ST. PAUL, Minn. (8/20/12)--The Minnesota Credit Union Network (MnCUN) says banks are stepping up their challenges to credit unions' tax-exempt status, using state newspapers as a forum. MnCUN has been actively participating in an exchange of letters to the editor to counter banks' claims about credit unions' tax-exempt status.
Joe Witt, president/CEO of the Minnesota Bankers Association, wrote an Aug. 1 letter to the Brainerd Dispatch calling for a re-examination of Minnesota credit unions' tax-exempt status.
In essence, Witt claims credit unions no longer are honoring their mission of serving "people of modest means," which garnered them an income-tax exemption back in the 1930s. Rather, credit unions now are abandoning that mission and focusing on wealthy customers, and placing branches in middle and upper income areas, he wrote.
MnCUN president/CEO Mark D. Cummins countered with an Aug. 6 letter to the editor of the Dispatch.
"In 1937, Congress exempted credit unions from federal income taxes because they are non-profit, democratically controlled cooperatives that return earnings to the people they serve," Cummins wrote. "In fact, Congress encouraged the success of credit unions to, among other things, foster the development of a system of financial cooperatives that would serve as a valuable alternative to the for-profit banking system.
"Credit unions' tax exemption was deliberated, reviewed and reaffirmed by Congress in 1951 and again in 1998. Since credit unions' structure has not changed, the reasons for the affirmation of credit unions' tax-exempt status are as valid, if not more valid, today," Cummins said.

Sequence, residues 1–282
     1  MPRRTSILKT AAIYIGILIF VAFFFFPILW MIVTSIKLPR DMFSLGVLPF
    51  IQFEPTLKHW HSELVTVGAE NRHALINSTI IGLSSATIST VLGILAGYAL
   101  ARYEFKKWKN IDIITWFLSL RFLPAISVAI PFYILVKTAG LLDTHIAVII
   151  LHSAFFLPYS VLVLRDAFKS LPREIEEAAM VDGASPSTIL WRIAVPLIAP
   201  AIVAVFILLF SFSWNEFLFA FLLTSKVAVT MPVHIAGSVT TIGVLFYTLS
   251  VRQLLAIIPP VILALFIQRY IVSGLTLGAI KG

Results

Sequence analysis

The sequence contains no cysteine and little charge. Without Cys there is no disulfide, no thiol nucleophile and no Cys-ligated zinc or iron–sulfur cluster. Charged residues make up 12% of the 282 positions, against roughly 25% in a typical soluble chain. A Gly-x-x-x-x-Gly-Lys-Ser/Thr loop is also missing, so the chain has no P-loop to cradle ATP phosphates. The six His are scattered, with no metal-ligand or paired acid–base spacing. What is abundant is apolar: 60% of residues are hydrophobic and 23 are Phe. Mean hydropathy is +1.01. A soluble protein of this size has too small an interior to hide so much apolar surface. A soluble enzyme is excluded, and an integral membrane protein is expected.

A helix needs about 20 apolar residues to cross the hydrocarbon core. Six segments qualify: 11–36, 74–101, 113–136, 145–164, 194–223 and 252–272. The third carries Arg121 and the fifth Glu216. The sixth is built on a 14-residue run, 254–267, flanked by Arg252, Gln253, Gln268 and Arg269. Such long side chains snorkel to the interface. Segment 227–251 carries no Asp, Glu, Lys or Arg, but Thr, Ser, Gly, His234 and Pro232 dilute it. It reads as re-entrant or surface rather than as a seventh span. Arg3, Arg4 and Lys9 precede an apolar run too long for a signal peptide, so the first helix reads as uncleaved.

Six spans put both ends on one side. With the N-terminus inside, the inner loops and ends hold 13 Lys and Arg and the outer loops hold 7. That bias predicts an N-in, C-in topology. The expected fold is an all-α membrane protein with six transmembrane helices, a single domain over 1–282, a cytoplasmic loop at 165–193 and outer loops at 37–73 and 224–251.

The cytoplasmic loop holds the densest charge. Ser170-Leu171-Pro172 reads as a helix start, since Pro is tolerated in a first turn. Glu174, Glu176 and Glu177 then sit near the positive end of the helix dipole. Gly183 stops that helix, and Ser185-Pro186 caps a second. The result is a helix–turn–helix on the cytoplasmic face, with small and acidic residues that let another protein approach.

Cummins went on to mention how credit unions' tax exemption benefits consumers.
"As organizations owned by members, any benefits credit unions receive from their tax-exemption status are passed onto those they serve," Cummins wrote. "These benefits are given in the form of fewer fees, lower rates on loans and higher savings rates. Therefore, a tax on credit unions would reduce the financial savings they can pass onto everyday consumers. In reality, this tax would be a tax on consumers.
"The substantial savings Minnesota credit unions provide to consumers far outweighs any revenue that would be raised by taxing credit unions," he added.
Cummins' letter prompted an Aug. 8 letter to the Dispatch from Mike Riley, CEO of Bremer Bank in Brainerd. Riley argued that although credit unions' assertion that they pass savings accrued from their tax-exempt status on to members may be true, that model doesn't hold up and isn't relevant if it were applied on a large scale to all deserving businesses--and the negative impact that would have on government programs.
"But there's a problem with that model. If businesses no longer paid taxes, who would pay for the government programs we all use and need?" Riley wrote.
Chuck Albrecht, president/CEO of Mid-Minnesota FCU in Baxter, responded to Riley regarding credit unions' relevancy with an Aug. 14 letter to the Dispatch.
" … There are more than a few reasons that support the relevancy of credit unions," Albrecht wrote. "If every teacher, waitress, firefighter, [and] everyday consumer joined a credit union, they could save, on average, more than $100 per household annually. They would also be offered financial counseling and other financial aid and education programs at no cost.
"Credit unions' not-for-profit model benefits all consumers in that it helps to keep the financial marketplace in check. Imagine how high banking rates and fees could climb if turning a profit, rather than serving consumers, became the bottom line?" Albrecht concluded.
To read the letters, use the links.